MLB Stadium Tour – National League
Tuesday, 13th September 2011 by Ian Brown
With the regular season winding down and the postseason approaching, it is time to conclude our look at some of the more unusual features of MLB ballparks. We looked at the American League back in July, so now it’s time for the National League, starting with Chase Field in Phoenix, Arizona
While it is hidden by the retractable roof on the satellite view, the new 45-degree imagery reveals what I personally think is the strangest possible thing to have in a sports stadium – a swimming pool!
Granted it seems to be more like a large hot-tub than a swimming pool, but for $100 per person you and 34 of your friends can splash about (or more accurately, crowd together) in probably the most unusual spectator spot in all of sports. It must be great on hot days, though during the worst of Arizona’s summer weather the retractable roof is closed and the massive air conditioning system is turned on.
While Phoenix’s pool is currently unique in the major leagues, a second stadium pool will be available next year when the Florida Marlins move into the new Miami Ballpark1, seen under construction in Google’s images.
However, in this new stadium the pool may not be the most bizarre aspect. There are plans to have two massive aquariums, totalling over 17m in length, behind home plate!
This new ballpark will give a total of four stadiums with retractable roofs in the National League. Another is in Houston, where thankfully the roof is shown open and we can see the grounds crew mowing the grass.
The Astros’ ballpark is also built on the site of a former train station and is named for juice manufacturer Minute Maid. Tying these two facts together, a large model train – with a car full of oranges – runs along the stadium wall whenever a home run is scored and whenever the Astros win a game.
The final retractable roof is at Miller Park in Milwaukee.
While Google shows the roof open, we’re unfortunately not able to see the slide used by the team mascot after each home run, so take a look at it in this YouTube video. Sponsored by a local theme park, this new slide is perhaps more friendly than the one at the team’s old stadium where the mascot – who is still named Bernie Brewer – slid into a giant beer mug!
At the entrance to the stadium is a large limestone carving called The Spirit of Baseball.
On the north side of the stands is The Gap – an open section allowing views of the city’s downtown. On the south side a pair of smokestacks commemorate the paddle steamboats which used to ply the Ohio River which runs beside the stadium3. Nearby is a Toyota truck on top of an elevator shaft. This can be won by a fan if a home run ball happens to hit a sign between the smokestacks, though I’ve not been able to discover if that has ever happened yet.
Google’s new 45-degree imagery gives us great views of ballparks in some cities, including San Francisco, where certain rotations show the stands full and a game in progress!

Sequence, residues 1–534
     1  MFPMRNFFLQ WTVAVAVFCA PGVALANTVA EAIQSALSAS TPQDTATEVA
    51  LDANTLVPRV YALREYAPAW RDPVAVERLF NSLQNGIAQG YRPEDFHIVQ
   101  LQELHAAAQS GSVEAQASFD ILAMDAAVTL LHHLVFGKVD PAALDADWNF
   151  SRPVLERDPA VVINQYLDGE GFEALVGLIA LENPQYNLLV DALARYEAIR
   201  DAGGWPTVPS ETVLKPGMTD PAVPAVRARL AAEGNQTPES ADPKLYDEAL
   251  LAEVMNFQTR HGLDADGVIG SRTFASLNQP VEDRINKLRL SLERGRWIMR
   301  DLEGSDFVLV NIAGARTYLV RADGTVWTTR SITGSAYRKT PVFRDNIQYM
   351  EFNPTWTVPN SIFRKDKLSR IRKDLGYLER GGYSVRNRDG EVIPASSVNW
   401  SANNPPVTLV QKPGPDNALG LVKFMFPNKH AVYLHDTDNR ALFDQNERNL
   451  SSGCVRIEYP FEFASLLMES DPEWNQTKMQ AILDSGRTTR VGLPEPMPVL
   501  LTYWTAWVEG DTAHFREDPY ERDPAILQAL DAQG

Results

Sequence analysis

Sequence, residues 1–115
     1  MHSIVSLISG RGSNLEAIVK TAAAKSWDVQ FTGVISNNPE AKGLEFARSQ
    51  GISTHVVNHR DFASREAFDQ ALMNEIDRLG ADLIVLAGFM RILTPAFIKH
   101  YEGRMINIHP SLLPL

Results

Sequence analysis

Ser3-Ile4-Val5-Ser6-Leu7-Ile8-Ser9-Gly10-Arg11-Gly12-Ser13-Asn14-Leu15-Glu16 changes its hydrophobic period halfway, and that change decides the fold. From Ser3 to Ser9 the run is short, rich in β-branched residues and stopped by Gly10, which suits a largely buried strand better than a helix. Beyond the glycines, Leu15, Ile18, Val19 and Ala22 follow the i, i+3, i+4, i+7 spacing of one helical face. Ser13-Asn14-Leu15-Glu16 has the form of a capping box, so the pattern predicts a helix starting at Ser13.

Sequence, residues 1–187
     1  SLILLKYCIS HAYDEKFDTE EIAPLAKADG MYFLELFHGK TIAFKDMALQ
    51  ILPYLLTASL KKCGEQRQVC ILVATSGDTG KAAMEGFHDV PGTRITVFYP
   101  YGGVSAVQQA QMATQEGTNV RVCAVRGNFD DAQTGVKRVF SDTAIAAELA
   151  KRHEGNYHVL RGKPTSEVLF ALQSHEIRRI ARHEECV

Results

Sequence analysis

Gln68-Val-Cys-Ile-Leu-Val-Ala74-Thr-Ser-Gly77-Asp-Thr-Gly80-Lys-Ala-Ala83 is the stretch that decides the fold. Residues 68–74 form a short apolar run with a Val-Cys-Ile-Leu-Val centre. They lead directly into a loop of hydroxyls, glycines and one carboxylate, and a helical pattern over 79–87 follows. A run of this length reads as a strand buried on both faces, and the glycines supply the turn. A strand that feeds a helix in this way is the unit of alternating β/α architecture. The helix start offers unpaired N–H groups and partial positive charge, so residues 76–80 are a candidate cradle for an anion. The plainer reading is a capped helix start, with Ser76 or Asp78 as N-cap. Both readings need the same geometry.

Along the left-field wall we can see the 24m long Coke bottle, giant mitt and miniature ballpark that make up this stadium’s family zone. And we can see kayakers in San Francisco Bay, hoping to be able to scoop up home run balls that occasionally leave the stadium!
Further south in California, the San Diego Padres play at Petco Field, where the notable feature is a century-old warehouse that was originally intended for demolition, but was restored and incorproated into the design. The Western Metal Building now houses team offices and luxury suites and the corner of the building is coloured yellow to act as the left field foul pole.
To the north of the stadium is “The Park at the Park” – accessible to the community for most of the year, and for which very cheap tickets are sold on game days.
Another stadium with a giant Coke bottle is Turner Field in Atlanta. It’s too bad that we can’t see the other huge advertising icon – a robotic cow (YouTube video) which does the ‘tomahawk chop’ motion used by the Braves’ fans.
In Pittsburgh, the Pirates honour some of their most famous players with statues outside the stadium: Roberto Clemente, Willie Stargell and Honus Wagner. A fourth, for Bill Mazeroski, has been added near the south-west corner of the stadium but the Street View car visited before it was constructed.
Google’s satellite images caught the buzz of game day at a couple of stadiums:
In Philadelphia, at Citizens Bank Park, we find batting practice underway and the stands filling up while crowds of people head in to the stadium. Meanwhile, others are still in full tailgate mode in the busy parking lots.
Meanwhile in Washington it appears as though the game may be just getting underway with the stands partly full and lines of people still at the gates on the north side of the stadium.
Some notes about the other National League stadiums:
Coors Field in Denver has the highest elevation of any ballpark, with a row of seats near the top of the stands supposedly indicating the ‘mile high’ level – the nickname often used for this city. I think the row of purple seats can just about be made out in this image.
In New York, the Mets play at Citi Field and honour their home town with a ‘Big Apple‘ which lights up for every home run.
The Chicago Cubs play at historic Wrigley field, where we see batting practice in progress.
In St Louis, the 45-degree imagery shows a lot of activity at Busch Stadium. However, the field is not setup for a game, and there are crowds of people around the perimeter and the dugouts, so it may have just been tour groups visiting, or an open house.